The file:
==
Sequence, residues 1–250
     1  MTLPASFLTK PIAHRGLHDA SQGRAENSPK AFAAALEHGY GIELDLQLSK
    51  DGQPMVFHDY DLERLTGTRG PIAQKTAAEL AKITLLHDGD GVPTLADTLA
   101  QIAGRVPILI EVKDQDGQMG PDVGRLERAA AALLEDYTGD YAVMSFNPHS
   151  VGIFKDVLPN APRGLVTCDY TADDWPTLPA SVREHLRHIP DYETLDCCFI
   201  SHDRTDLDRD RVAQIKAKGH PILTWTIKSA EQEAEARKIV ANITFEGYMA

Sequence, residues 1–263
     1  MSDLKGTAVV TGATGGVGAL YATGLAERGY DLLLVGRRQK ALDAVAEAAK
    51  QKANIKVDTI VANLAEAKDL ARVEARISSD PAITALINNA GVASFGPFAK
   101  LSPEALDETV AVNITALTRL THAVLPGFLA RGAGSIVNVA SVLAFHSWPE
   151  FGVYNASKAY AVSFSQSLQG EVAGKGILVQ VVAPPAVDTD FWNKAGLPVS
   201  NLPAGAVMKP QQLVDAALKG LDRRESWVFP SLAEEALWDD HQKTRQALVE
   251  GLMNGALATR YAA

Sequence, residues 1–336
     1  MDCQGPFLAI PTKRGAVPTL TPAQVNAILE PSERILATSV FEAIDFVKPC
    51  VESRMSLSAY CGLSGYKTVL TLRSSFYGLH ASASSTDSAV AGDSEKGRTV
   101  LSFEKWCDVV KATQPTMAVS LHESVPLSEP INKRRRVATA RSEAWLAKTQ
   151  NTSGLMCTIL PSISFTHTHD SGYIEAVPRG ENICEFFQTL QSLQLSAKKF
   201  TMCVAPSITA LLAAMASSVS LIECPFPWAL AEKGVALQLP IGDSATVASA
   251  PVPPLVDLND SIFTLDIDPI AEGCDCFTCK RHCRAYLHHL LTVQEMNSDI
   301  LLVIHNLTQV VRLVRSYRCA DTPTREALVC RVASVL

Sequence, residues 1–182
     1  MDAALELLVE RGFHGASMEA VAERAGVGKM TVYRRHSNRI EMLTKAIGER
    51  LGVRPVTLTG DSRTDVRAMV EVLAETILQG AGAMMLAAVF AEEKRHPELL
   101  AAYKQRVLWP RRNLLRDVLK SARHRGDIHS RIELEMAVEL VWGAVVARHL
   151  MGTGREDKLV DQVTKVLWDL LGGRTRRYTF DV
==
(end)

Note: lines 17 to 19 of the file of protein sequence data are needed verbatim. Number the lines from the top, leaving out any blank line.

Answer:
   101  LSFEKWCDVV KATQPTMAVS LHESVPLSEP INKRRRVATA RSEAWLAKTQ
   151  NTSGLMCTIL PSISFTHTHD SGYIEAVPRG ENICEFFQTL QSLQLSAKKF
   201  TMCVAPSITA LLAAMASSVS LIECPFPWAL AEKGVALQLP IGDSATVASA